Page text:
By Melissa Maimone
I’ve battled anxiety and depression for most of my life. It has come and gone through the years, but like cobwebs that show up in the corners of my house, the darkness always returns.
I hated being depressed. I fought it. I felt deep shame about it. This formidable presence bullied every area of my life. It undermined my passion. It chipped away at my faith. Its presence in my life made absolutely no sense.
How was I to be strong when I felt so fragile? If I was called to be a light in this world, why was I helpless to shake the darkness in my own heart?
In my appeals to the Lord, I made dramatic courtroom arguments. I told Him how impractical it all was. I told Him He was making a huge mistake. I explained how granting my request for relief would be beneficial for both of us. I flailed my arms around and used impressive, fabulous words in order to convince Him to take the depression and sadness away. I rocked those arguments. Even so, God didn’t budge.
In a letter to the Corinthian church, the apostle Paul explores his own deep pain. In many Bible translations, it’s referred to as a “thorn” in the flesh (2 Corinthians 12:7) But in the original Greek, the word Paul uses for “thorn” is skolops, which more literally translated means stake; like the kind guys in the movies use to kill vampires. His impairment was more than a slight prick of the finger. Paul was debilitated because of it, and he asked God to take it away three times. In response God replied, “My grace is sufficient for you, for my power is made perfect in weakness” (2 Corinthians 12:9). In other words, the answer is, “No, I will not take it away. I’ve got this and you’ve got Me. That is enough.” Like Paul, I asked the God I love and trust to take away this painful stake buried deep in my flesh. And like Paul, the Lord responded with a loving but firm, “No. You’ve got Me. I will be enough for you.”
I believe with all my being that God can heal me, which makes the no all the more painful. I’ve wondered if God is holding out on me. Yet I also believe we have a God whose love is so high, so wide, and so deep we couldn’t see its edges if looking through the Hubble Space Telescope. out of these beliefs—and really, if I am honest, out of sheer exhaustion—I took a radical step: I stopped fighting the darkness. I decided that if my depression has been permitted by the God who loves me completely, then perhaps my focus on removing it distracts me from why He left it there in the first place.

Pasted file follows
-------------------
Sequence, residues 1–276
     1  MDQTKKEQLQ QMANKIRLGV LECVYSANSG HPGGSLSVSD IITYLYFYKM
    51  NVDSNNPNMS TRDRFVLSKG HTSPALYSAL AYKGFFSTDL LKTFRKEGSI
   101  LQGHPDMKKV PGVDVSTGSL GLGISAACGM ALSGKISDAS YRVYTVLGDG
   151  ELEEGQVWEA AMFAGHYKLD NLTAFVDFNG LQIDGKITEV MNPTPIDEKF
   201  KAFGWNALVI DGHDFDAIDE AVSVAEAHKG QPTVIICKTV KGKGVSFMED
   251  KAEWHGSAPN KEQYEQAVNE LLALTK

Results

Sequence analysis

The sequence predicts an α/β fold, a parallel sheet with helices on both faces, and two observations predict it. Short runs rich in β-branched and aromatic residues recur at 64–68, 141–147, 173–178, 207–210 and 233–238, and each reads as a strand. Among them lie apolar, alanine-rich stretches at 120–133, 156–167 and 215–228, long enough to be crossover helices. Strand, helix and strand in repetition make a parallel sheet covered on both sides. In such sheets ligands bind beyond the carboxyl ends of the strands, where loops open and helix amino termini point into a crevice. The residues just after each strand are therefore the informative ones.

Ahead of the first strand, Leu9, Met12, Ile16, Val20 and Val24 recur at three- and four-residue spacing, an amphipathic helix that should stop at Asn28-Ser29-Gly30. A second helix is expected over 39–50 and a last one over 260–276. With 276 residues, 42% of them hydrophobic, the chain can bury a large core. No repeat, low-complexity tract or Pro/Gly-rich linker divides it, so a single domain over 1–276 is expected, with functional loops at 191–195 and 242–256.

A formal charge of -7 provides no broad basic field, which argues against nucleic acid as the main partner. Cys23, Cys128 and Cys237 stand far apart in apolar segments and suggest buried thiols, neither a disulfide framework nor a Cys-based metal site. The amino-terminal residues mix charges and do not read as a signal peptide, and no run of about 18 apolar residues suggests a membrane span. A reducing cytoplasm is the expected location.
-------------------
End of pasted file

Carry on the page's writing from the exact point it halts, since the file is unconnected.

For the first time, I looked at my stake closely. I tried to see it from all angles, but because it’s a part of me, I have only partial perspective. Nevertheless, over the years I’ve poked and prodded and run my fingers along its rough edges and smooth indentations. Because I’m less afraid of the splintery darkness that takes over my heart and mind, I’m more comfortable contemplating its purpose. And here’s what I’ve come to believe: My afflictions are not God’s punishment or cruel game. He is not oblivious or inattentive to my suffering. The stake planted in my flesh is allowed to remain there because God offers His grace instead. He knows my soul needs it more than healing, even when I would argue otherwise. My deepest wounds are invitations to explore the aspects of God that scare me most: His power, His holiness, and His ways, which are so unlike mine. Through my explorations, among my questions and rants and tears, my perspective on the broken places in my soul has changed. I’ve come to believe the darkness has more to offer than just pain.
When you are in pain, wanting relief as soon as possible is only natural. It might feel like your suffering; whether from depression, a broken relationship, or grief is yours alone to experience because you can’t see anyone (or anything) else. Sometimes you can’t hear anything either, because when we are afraid and want to escape, most of us thrash around quite a bit.
But if you quiet your soul just a bit and rest your body for a while, I believe you will hear the voice of the One who loves you most. He is the One who sings songs of love over you. He is the One who has invited you to a life that relies on more than sight or circumstance. And I believe with all my heart this darkness allowed by God is an invitation to discover His powerful grace in unexpected places.
I’ve spent some time here, and my eyes have adjusted to the darkness a bit, so grab my hand and we can go together. Let’s explore this uncomfortable place where we don’t want to be. We will walk step by step into this journey of surrender, suffering, rest, and restoration. We will explore shadowy places, but we will not be alone. Jesus Christ, the lover of our soul and the lifter of our head, will be there too. And in the silence of Midnight, when eyes no longer see and ears are attuned, we will discover God’s gifts in the dark places.
Melissa Maimone is the author of The Radiant Midnight: Depression, Grace, and the Gifts of a Dark Place An exploration of the dark times of the faith journey developed from the psalms of David and lessons she’s learned in her own journey of depression and anxiety. Melissa is a featured speaker at various Christian camps, women’s events and retreats throughout the United States. She and her husband Danny live in Southern California with their two children, three cats, one dog, and a tortoise. She loves Jesus, her family, and her friends. Her hobbies include reading, walking, watching weird documentaries, and searching out the perfect street taco.